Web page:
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City Talk

City Talk appears every Tuesday and Sunday - Email me. Send mail to 10 East 32nd St., Savannah, Ga. 31401.

CITY TALK: Search for city manager winds down

Members of Savannah City Council met last week with four prospective candidates for city manager. If the number had been whittled to three, the mayor and aldermen would have been required to release the finalists’ names.

CITY TALK: Newest Savannah bar Hitch hits the ground running

If you follow the downtown restaurant scene, you probably already know about Hitch, the new restaurant from the team at Treylor Park.

In fact, if you follow the downtown scene, there’s a good chance you’ve already eaten at Hitch, which seems to be doing brisk business in its first few weeks.

CITY TALK: Area's labor force continues to grow

A recent City Talk column examined the latest payroll employment estimates for the Savannah metro area, so today we’re just looking at the Georgia Department of Labor’s more recently released data from the June household survey.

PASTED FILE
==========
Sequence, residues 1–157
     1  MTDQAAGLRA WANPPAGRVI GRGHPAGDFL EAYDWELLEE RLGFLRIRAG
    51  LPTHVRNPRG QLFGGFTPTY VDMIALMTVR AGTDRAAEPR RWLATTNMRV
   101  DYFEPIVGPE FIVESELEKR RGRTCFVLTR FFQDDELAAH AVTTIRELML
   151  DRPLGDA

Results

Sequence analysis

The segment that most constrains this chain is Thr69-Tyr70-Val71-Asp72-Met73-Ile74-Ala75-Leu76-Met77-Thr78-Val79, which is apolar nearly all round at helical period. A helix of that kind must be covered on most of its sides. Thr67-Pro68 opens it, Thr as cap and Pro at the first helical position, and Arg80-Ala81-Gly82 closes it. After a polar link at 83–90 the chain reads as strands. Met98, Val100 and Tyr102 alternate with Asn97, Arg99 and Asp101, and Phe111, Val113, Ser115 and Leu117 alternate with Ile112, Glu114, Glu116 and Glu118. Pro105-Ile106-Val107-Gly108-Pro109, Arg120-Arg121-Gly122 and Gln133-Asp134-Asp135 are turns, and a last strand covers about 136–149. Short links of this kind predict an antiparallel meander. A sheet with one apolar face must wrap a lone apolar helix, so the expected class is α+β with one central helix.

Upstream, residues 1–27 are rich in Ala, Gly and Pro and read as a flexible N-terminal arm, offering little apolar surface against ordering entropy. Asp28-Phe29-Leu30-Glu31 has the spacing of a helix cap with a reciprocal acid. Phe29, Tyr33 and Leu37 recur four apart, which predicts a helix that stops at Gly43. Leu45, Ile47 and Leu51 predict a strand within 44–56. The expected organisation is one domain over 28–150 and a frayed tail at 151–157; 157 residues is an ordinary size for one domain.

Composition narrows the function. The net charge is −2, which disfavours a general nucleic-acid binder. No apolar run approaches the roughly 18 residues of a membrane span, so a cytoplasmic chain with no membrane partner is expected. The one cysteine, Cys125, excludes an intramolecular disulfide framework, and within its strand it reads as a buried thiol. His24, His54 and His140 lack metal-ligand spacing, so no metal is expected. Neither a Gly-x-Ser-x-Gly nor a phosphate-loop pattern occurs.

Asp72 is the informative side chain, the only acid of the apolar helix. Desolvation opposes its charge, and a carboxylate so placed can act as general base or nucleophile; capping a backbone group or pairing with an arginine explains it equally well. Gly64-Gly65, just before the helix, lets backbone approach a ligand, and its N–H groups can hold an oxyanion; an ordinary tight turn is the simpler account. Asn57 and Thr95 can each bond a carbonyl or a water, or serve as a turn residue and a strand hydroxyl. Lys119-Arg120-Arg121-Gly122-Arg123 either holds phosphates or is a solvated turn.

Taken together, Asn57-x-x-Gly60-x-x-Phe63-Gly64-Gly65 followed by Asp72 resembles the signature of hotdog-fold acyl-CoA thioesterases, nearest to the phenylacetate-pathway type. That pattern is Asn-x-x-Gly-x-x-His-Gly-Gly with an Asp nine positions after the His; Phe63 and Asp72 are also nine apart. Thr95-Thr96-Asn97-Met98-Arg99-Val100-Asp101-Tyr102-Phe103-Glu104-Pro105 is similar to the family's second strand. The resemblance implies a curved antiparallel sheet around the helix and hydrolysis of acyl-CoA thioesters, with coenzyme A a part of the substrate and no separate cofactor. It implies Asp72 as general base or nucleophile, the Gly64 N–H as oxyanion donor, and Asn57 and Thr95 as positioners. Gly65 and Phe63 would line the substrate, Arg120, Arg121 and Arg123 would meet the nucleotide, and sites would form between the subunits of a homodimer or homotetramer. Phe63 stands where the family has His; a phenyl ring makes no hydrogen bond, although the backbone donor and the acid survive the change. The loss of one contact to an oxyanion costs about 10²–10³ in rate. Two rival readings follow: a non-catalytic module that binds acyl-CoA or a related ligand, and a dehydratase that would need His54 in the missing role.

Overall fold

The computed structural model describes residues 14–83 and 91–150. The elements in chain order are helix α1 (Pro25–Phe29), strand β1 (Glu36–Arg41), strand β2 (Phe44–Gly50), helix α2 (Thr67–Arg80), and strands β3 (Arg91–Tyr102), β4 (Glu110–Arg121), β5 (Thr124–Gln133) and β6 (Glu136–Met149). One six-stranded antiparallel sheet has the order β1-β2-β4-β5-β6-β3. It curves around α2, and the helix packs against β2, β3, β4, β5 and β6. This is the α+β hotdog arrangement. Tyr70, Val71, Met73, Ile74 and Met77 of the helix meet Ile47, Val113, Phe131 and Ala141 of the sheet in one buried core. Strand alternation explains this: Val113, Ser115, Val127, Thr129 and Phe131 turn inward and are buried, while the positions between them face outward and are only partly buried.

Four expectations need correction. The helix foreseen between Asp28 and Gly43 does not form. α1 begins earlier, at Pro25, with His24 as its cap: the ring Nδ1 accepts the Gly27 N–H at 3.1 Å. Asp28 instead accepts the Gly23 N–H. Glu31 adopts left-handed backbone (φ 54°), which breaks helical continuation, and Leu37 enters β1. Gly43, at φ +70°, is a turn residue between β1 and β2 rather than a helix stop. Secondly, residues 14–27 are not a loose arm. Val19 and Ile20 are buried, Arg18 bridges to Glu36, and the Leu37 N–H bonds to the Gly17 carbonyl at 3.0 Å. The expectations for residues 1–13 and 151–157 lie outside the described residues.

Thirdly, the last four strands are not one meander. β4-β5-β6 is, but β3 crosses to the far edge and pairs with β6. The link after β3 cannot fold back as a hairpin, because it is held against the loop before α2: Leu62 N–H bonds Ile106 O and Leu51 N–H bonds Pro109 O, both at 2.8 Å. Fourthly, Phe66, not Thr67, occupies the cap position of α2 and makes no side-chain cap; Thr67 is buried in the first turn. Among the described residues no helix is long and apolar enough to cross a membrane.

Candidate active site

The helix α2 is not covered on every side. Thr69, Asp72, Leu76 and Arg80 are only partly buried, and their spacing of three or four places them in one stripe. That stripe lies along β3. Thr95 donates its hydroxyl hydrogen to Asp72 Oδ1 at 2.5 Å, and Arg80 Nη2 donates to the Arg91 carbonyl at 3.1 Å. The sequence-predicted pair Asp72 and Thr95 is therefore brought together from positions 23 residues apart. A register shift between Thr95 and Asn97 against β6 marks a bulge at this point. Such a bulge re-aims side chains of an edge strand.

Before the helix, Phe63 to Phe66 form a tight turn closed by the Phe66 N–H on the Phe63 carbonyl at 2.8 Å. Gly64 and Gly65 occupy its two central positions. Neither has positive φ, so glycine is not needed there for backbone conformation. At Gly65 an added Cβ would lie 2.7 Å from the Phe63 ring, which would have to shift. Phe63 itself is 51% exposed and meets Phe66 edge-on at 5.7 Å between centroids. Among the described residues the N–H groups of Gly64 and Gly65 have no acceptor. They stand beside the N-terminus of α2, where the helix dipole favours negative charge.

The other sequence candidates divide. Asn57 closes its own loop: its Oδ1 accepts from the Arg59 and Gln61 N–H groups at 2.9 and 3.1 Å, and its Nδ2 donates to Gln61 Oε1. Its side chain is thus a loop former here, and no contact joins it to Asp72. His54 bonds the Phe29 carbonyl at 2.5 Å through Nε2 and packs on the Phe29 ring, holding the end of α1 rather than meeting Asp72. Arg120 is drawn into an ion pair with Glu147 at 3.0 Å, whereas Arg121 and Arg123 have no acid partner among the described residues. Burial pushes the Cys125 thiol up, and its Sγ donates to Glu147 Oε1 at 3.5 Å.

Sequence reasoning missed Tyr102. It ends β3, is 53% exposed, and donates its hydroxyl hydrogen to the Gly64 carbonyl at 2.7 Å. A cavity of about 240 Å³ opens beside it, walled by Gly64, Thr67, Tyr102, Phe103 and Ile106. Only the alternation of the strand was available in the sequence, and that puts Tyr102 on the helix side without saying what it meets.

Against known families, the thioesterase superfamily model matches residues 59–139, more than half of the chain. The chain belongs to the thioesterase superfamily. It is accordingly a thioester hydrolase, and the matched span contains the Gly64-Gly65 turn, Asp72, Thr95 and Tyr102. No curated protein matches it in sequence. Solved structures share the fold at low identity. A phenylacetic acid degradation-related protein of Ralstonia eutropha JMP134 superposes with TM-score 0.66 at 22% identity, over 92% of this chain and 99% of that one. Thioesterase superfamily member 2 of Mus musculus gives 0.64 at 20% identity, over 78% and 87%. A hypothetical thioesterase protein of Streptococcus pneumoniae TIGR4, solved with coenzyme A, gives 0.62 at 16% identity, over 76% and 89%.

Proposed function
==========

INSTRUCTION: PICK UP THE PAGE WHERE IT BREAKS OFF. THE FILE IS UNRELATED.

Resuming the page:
CITY TALK: Savannah left its mark on James Alan McPherson

James Alan McPherson Jr. passed away at age 72 last week in Iowa City, where he had lived for many years. In 1978, McPherson became the first black author to win a Pulitzer Prize for fiction, for the collection of stories “Elbow Room.” Among other honors during his lifetime, he was awarded a so-called “genius grant” from the MacArthur Foundation. James Alan McPherson was also a native Savannahian. McPherson’s literary output was relatively small, but he wrote often of the South generally and Savannah specifically.
James Alan McPherson

CITY TALK: Bay Street 'experiment' will definitely hurt

“It wouldn’t hurt to try it,” City Manager Stephanie Cutter said last week during a city council workshop discussion of a proposed Bay Street “experiment,” which was later approved by council.